Australia is activating an emergency plan to deal with the escalating outbreak of the deadly coronavirus, amid expectations a global pandemic will be declared within days.
Prime Minister Scott Morrison announced the move late on Thursday.
“Based on the expert medical advice we have received, there is every indication that the world will soon enter a pandemic phase of the coronavirus,” he said.
“As a result we have agreed today and initiated the information of the
coronavirus and emergency response plan.”
The plan means the government can move quickly if the World Health Organisation declares the escalating outbreak of COVID-19 a pandemic, as is expected within days.
As part of the new plan, the government has extended the travel ban on people coming from China for a further week. The new ban will end on March 7.
“We believe the risk of a global pandemic is very much upon us and as a result as a government we need to take the steps necessary to prepare for such a pandemic,” Mr Morrison said.
The emergency plan includes preparations for extra controls at airports and ports, further quarantine measures and detailing how schools should react to any widespread outbreak.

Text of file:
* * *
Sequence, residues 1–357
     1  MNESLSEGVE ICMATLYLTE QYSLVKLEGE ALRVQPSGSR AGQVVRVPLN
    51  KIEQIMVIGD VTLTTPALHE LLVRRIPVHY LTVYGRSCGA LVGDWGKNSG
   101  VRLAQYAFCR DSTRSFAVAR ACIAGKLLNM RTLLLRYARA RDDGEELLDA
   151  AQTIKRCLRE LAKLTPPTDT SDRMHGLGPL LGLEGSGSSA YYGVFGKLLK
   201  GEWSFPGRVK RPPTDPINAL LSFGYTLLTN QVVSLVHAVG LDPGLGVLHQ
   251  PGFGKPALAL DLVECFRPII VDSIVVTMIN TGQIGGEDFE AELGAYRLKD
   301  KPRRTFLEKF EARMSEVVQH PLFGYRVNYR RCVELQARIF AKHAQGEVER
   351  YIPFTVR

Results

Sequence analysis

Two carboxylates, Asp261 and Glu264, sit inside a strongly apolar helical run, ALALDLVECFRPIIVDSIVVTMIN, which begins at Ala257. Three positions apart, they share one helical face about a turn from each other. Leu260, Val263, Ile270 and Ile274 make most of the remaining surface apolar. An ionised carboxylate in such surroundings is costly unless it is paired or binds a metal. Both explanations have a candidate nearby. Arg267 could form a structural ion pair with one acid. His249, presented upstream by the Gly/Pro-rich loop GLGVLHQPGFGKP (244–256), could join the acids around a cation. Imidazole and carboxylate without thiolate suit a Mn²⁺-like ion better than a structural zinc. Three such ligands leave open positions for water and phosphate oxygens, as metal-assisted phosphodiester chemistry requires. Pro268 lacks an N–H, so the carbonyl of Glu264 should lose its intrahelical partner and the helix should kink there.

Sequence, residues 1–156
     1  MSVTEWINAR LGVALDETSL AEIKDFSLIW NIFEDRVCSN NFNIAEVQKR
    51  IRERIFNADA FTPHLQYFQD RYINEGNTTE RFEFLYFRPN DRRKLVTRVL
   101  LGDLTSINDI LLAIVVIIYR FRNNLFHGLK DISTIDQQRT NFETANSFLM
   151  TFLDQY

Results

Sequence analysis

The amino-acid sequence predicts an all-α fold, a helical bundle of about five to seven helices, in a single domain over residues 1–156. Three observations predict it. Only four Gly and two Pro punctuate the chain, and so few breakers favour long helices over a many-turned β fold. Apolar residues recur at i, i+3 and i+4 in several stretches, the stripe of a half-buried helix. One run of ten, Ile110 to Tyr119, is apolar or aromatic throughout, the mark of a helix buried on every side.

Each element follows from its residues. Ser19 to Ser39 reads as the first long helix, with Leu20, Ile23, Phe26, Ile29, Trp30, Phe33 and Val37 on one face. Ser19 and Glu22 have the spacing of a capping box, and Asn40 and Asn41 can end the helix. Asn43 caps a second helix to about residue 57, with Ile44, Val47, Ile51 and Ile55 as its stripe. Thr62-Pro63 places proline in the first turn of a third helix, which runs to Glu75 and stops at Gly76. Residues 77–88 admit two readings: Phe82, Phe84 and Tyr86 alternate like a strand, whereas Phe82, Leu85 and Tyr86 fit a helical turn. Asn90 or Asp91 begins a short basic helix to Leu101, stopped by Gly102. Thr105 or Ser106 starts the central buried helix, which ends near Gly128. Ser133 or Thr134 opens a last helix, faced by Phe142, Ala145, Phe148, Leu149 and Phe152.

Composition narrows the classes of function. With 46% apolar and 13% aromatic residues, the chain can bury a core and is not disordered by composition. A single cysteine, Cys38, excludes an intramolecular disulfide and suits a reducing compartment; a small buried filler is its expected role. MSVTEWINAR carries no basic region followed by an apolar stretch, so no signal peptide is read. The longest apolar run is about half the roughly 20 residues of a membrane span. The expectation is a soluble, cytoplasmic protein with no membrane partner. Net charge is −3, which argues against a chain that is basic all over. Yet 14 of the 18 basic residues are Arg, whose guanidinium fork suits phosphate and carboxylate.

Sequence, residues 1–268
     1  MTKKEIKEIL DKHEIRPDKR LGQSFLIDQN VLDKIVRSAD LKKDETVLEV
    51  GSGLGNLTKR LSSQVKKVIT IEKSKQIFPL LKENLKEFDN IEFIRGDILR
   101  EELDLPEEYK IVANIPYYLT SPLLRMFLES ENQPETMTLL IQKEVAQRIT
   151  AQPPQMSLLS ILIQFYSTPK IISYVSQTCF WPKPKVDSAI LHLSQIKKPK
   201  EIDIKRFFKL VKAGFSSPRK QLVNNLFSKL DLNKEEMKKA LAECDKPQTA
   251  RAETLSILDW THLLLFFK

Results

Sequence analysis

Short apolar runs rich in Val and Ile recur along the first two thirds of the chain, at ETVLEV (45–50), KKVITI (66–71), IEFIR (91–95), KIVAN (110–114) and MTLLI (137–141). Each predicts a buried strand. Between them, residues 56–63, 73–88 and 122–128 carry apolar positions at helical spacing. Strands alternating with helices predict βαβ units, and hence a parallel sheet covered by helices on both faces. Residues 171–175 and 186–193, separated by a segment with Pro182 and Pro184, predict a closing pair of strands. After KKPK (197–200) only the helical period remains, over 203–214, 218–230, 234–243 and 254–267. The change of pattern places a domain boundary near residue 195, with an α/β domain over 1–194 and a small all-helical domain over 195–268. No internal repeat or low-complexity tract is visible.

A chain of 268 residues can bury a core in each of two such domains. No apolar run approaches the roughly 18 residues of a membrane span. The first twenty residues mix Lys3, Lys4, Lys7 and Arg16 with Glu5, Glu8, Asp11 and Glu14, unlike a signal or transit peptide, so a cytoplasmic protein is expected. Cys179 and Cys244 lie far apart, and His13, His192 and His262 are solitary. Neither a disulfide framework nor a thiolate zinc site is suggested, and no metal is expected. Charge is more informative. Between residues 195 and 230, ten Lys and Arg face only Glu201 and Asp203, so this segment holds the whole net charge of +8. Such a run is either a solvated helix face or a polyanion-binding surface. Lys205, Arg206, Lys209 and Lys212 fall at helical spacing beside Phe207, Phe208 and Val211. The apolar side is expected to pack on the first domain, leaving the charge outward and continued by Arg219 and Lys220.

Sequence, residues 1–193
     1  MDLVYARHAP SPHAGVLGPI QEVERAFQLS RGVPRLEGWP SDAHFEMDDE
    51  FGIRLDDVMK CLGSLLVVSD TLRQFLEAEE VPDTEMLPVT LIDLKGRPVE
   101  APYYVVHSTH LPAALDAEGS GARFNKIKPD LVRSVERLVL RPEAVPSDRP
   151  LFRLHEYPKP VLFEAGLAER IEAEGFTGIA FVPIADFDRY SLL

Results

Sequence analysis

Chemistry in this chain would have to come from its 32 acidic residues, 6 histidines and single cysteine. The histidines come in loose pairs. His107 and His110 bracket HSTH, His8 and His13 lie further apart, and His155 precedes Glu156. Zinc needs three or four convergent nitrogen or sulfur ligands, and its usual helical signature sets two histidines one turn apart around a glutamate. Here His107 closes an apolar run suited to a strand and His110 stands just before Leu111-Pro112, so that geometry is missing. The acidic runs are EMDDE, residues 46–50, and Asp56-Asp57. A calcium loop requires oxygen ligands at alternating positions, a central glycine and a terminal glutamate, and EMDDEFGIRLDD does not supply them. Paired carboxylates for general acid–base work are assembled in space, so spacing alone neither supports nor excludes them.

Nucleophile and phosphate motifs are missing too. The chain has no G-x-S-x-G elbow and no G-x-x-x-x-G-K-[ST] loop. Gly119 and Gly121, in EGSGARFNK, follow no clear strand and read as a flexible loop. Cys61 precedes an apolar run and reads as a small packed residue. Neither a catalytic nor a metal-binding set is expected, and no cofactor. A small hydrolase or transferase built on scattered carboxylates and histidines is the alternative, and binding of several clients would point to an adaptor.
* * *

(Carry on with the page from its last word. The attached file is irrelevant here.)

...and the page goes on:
“There is no evidence before us that children are at any greater risk,” Mr Morrison said.
“But we do believe, to take care of our kids, that we needed an even greater abundance of caution to ensure that should the coronavirus
move to a extreme level … that we have the preparedness and arrangements in place.”
The federal government’s move comes as more than 82,000 cases of coronavirus have been diagnosed around the world. They include the first diagnosed case in the US of a patient who has no travel pattern related to COVID-19, nor any contact with anyone who has.
Mainland China still accounts for the vast number of cases, and deaths, but the outbreak is now spreading faster outside China than inside it. There are more recent outbreaks of growing concern in Italy, Iran, France, Germany and Brazil.
Despite the extended measures, Mr Morrison maintained the outbreak was well under control in Australia.
“There is no need for us to be moving to having mass gatherings of people stop,” he said.
“You can go to the football and the cricket, and play with your friends down the street, you can go out for a Chinese meal,” he said.
“You can do all of these things because Australia has acted quickly, Australia has got ahead of this at this point in time. But to stay ahead of it we need to now elevate our response to the next phase.”
The number of Australian cases of COVID-19 remains at 22, including eight people evacuated from the stricken Diamond Princess cruise ship. There have been no virus fatalities in Australia.
-more to come